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Re: Assigning numerical values to chess pieces.

Post by MJMcCready » Thu Oct 22, 2020 1:49 pm

Ok, most players rated 140 or less

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MJMcCready
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Re: Assigning numerical values to chess pieces.

Post by MJMcCready » Thu Oct 22, 2020 1:52 pm

Even the self-proclaimed unofficial world champion Rudi Van der Brain doesn't grasp it and he can find any mate in one within 30 minutes no matter how hard it is. You leave him with a mate in two on the board and over an hour on the clock, even if you are alphazero or carlsen, you haven't got a chance. Mate in three, he usually needs about a week. He's good with the horsey one and that one that moves slantyways if he can make it out of the opening, which usually isn't the case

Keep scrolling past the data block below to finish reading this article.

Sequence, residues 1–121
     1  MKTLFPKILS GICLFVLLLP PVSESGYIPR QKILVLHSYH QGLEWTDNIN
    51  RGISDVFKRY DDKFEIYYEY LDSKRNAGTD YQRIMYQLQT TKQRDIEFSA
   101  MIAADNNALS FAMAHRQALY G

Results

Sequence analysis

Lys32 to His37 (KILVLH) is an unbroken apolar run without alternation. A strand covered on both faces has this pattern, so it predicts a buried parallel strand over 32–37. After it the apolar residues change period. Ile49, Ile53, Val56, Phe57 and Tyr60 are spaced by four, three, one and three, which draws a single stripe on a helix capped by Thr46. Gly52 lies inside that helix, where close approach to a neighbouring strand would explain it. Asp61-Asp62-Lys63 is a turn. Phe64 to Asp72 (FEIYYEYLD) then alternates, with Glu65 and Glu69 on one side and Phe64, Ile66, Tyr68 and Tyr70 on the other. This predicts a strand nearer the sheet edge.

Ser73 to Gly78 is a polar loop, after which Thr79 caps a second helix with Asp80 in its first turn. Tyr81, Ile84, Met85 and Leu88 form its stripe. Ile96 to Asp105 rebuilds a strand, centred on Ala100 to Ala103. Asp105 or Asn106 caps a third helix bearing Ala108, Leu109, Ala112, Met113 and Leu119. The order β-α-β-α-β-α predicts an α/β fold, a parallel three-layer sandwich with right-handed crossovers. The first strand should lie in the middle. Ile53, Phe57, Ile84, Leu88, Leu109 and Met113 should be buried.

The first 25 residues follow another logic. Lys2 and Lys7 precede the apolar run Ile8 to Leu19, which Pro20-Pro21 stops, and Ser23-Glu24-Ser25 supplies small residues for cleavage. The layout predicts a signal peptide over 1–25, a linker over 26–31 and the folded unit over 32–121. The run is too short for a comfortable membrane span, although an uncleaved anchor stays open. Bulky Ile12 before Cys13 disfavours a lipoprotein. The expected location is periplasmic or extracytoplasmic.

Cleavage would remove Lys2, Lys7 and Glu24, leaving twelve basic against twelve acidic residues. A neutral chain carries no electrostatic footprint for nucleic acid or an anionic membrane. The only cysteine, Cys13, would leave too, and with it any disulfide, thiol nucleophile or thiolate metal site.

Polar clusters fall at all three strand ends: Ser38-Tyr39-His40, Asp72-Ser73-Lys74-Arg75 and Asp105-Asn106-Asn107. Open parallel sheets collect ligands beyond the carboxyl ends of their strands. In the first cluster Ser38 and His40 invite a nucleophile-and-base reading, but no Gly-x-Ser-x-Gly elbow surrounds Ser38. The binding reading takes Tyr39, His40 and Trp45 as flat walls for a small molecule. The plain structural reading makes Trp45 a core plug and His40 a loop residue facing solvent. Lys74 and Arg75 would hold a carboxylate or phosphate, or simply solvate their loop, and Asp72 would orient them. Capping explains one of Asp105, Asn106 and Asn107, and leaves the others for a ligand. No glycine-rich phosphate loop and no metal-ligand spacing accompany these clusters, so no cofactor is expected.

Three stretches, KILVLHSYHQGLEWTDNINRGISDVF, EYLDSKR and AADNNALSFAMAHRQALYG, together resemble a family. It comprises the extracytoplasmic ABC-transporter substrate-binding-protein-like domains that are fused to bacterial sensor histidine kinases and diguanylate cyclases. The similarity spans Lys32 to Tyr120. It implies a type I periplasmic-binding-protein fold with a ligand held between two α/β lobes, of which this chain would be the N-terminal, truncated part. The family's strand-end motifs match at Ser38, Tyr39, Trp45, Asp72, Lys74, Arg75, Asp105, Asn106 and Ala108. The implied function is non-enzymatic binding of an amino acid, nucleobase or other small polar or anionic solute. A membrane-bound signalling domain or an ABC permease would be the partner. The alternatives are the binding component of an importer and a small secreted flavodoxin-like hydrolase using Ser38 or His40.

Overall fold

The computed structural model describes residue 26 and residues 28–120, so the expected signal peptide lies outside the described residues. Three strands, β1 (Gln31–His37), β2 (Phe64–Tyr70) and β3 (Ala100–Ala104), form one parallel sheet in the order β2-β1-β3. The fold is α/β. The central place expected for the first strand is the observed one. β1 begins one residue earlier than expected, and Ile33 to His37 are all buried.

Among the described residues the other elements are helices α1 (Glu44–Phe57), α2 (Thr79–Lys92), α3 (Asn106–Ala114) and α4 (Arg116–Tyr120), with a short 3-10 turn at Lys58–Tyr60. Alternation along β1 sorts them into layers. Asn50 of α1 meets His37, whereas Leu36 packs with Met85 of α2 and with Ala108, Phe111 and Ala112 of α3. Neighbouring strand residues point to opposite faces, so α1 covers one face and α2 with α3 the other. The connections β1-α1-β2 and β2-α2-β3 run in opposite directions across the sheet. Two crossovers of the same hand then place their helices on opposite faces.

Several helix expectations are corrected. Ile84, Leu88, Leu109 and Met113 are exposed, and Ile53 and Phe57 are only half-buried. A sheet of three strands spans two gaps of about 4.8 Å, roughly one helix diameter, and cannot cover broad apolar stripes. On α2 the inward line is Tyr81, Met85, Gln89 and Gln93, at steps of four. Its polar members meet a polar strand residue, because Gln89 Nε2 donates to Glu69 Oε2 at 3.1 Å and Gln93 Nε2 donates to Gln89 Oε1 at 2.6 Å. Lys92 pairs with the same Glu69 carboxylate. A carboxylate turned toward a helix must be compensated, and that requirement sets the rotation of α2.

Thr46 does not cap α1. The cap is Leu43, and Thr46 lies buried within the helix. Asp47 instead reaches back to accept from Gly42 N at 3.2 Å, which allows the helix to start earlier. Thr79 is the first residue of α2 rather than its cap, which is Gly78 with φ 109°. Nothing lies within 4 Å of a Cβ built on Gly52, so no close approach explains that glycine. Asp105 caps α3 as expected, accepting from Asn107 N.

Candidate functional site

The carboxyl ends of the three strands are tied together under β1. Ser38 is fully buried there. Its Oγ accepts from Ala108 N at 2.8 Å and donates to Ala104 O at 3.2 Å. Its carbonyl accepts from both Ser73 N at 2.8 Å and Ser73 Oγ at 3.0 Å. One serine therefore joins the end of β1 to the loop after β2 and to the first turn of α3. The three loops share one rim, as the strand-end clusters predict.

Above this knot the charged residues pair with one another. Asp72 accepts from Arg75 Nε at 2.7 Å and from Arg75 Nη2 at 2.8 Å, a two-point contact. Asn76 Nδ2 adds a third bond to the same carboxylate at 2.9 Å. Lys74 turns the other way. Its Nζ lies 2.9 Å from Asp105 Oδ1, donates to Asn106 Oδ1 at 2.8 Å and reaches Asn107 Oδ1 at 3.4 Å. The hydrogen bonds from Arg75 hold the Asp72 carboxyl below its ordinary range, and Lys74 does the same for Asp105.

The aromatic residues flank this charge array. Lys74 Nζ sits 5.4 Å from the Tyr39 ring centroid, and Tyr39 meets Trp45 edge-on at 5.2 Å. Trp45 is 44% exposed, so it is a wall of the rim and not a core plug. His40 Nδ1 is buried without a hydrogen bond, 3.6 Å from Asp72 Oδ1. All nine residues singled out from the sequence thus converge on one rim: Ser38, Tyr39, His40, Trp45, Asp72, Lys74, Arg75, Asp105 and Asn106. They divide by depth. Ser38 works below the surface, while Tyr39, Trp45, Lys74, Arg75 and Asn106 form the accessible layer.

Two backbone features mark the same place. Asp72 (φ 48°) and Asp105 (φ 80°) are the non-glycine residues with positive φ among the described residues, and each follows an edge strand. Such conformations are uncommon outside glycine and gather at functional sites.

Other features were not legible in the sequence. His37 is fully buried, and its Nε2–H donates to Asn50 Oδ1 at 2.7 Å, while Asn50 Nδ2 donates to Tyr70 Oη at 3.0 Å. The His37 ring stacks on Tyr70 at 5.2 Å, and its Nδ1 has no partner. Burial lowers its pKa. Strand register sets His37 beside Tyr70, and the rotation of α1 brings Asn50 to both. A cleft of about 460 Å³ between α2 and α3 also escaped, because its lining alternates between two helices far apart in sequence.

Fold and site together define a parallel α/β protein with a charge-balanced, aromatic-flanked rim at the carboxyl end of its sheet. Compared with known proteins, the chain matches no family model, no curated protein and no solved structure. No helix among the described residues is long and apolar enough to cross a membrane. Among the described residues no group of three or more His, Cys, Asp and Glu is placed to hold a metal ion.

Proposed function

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JustinHorton
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Re: Assigning numerical values to chess pieces.

Post by JustinHorton » Thu Oct 22, 2020 1:57 pm

Would it be a good idea if you stopped posting for a bit?
"Do you play chess?"
"Yes, but I prefer a game with a better chance of cheating."

lostontime.blogspot.com

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MJMcCready
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Re: Assigning numerical values to chess pieces.

Post by MJMcCready » Thu Oct 22, 2020 2:27 pm

Or alternatively reconsider the point that some of us have a sense of humour and a more light-hearted approach, in order to liberate those who take it too seriously -and I don't charge for that also!